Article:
Even before the song was released, a photograph was posted online of Franklin and West together in a recording studio, and Franklin received a raft of negative Instagram comments. (“Why is Kirk in a picture with Kanye?” one fan asked. “I really hope and pray he is not collaborating with that blasphemous fool!”) After performing the song on “S.N.L.,” Franklin posted a black-and-white photo of himself and West on Instagram. “Kanye is not me,” he wrote in the caption. “I am not him. He is my brother I am proud to do life with.” He added, “To a lot of my Christian family, I’m sorry he’s not good enough, Christian enough, or running at your pace . . . and as I read some of your comments, neither am I. That won’t stop me from running.”
In Fort Worth, Franklin spoke of the constraints he feels as a gospel artist. “If I’m writing and doing music celebrating the Creator, who is the most creative being in the world—I mean when you look at nature and when you look at all of the beautiful created things—why should I be limited in expressing myself? He’s creative, so why shouldn’t my music be creative, too? But everyone in my community, and especially the consumers, they don’t see it that way. Which is weird for me. It makes you feel good when you do a song that, sonically, can fit right next to Drake. But our audience, they don’t care. And it hurts that they don’t care!”
Hill said, “His music may not always get accepted in the church. But we’re trying to reach the people that don’t know the gospel.”
One simple way of understanding the customary path from gospel prominence to mainstream stardom is to listen to two recordings by Sam Cooke, “Wonderful” and “Lovable.” The melodies and song structures are almost identical. They both speak of an otherworldly, all-accepting love; on both tracks, Cooke rests his trademark yodel over classic gospel-quartet chords. But “Wonderful” is about God, and “Lovable,” released one year later, is about a woman, any woman, maybe you. Sam Cooke crossed over.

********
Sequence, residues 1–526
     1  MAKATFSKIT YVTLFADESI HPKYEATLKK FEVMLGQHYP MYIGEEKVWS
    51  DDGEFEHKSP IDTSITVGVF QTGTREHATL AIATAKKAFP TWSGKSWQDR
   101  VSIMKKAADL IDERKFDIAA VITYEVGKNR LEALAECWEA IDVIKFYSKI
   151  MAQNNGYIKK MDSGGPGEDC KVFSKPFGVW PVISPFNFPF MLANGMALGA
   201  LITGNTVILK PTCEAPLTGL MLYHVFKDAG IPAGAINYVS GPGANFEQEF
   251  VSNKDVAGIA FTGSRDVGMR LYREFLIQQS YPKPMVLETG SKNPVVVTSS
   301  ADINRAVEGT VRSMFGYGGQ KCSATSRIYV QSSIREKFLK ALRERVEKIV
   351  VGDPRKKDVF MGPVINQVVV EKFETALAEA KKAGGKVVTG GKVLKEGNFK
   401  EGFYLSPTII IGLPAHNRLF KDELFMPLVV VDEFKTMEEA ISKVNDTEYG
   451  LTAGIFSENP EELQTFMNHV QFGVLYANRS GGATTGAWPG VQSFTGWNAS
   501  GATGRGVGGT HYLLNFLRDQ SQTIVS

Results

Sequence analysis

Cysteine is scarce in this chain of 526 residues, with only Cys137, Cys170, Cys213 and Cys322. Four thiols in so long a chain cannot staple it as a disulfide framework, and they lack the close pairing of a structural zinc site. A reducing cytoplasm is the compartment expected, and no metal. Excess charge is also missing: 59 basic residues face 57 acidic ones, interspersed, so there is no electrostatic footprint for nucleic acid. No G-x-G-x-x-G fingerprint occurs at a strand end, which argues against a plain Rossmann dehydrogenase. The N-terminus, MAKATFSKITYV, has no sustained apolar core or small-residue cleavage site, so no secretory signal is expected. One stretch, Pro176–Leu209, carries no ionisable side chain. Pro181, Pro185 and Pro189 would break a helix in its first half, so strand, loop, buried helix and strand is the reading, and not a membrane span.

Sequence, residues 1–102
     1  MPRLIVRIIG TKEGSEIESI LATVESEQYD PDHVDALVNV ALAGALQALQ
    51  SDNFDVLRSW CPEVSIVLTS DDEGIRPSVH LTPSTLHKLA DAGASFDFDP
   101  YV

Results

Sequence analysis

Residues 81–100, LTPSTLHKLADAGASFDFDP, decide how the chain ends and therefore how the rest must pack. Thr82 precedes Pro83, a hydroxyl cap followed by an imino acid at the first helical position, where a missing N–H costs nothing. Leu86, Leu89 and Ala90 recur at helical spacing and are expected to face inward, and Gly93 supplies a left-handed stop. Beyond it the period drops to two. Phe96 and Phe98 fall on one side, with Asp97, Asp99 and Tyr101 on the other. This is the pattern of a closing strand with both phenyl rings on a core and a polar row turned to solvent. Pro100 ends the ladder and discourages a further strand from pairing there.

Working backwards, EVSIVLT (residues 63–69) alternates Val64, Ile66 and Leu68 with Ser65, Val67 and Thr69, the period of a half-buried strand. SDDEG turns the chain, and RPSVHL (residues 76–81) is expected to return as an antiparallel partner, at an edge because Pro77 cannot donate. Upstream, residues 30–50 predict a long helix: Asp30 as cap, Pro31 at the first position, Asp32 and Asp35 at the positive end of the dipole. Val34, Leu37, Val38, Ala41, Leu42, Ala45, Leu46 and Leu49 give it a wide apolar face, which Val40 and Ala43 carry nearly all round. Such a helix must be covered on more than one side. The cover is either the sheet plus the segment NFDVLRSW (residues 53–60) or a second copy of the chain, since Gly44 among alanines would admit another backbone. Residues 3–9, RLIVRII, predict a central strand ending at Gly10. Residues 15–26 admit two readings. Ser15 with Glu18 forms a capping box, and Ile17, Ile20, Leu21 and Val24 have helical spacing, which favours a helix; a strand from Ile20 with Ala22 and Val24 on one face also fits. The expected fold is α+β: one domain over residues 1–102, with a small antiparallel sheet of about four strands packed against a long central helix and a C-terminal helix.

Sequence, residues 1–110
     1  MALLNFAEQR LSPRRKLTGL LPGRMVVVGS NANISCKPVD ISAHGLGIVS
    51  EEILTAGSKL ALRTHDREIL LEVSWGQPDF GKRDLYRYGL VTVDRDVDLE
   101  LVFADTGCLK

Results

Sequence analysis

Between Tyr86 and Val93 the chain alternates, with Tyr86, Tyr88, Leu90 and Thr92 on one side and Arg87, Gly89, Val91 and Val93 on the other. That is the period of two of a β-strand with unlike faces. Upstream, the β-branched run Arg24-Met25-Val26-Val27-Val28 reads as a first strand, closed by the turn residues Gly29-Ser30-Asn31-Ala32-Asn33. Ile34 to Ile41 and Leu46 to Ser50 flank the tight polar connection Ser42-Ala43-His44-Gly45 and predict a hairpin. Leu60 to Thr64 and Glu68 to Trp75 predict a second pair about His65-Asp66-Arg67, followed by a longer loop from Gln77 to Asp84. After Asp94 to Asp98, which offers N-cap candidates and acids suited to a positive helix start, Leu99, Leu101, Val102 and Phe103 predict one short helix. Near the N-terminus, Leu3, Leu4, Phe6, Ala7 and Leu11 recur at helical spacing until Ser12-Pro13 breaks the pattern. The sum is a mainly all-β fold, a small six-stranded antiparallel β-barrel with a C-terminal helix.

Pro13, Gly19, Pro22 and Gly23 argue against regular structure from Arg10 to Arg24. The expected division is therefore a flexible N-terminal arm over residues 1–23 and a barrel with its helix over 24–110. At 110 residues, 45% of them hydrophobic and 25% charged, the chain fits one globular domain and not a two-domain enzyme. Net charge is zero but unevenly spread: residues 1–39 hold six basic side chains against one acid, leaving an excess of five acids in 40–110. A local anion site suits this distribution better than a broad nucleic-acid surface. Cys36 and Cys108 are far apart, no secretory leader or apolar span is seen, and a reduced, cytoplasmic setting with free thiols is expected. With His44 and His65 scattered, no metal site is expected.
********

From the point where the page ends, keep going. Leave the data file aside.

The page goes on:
Acts like Cooke, Solomon Burke, and Aretha Franklin made their way into the hearts of pop audiences by shedding their music’s religious content while retaining its fervor. They left traditional gospel behind and invented, in its place, an entirely new American genre: soul. Other acts held on to the sacred, and some of them were swept into wider fame by the social turmoil of the sixties. Mahalia Jackson soundtracked the civil-rights movement, echoing its overtly religious appeal. But nobody danced to Mahalia; hers was a moral moment, and the mainstream largely left her there.
Kirk Franklin has held on to the gospel message while moving his sound, and his presentation, in the direction of hip-hop and contemporary R. & B., the genres with an increasingly solid grip on the imagination of America’s youth. Last June, he travelled to Los Angeles for the BET Awards. He’d been nominated for Best Gospel/Inspirational Artist, an award he had won several times. Before the ceremony, he was slated to participate in a public interview, called a BET Genius Talk, hosted by DeVon Franklin, a friend who has worked as a Hollywood executive and is a preacher and motivational speaker. The talk took place at the Los Angeles Convention Center. Backstage, as both Franklins waited to begin, DeVon turned to Kirk and playfully said, “Now, listen, I don’t want the humble Kirk. The people want to hear the genius Kirk.” After DeVon went off to greet some friends, Franklin turned to Hill and asked, “The humble thing—am I coming off insincere? That’s just how I am.”
Soon he was rushed onto the stage, and the crowd hooted and clapped. Prompted by DeVon, he outlined his life, presenting his abandonment and adoption as obstacles faced and, by degrees, overcome. “Sometimes, when you feel like you’ve hit rock bottom, often you find out that God is the rock at the bottom,” he said.
After the event, a young assistant pulled Franklin into a vast ballroom and pointed to a makeshift triangle of black draping, where he could change clothes for the ceremony. “They told me there’d be, like, a little room,” he said, smiling. The assistant shrugged and shook her head. Franklin disappeared behind the curtain.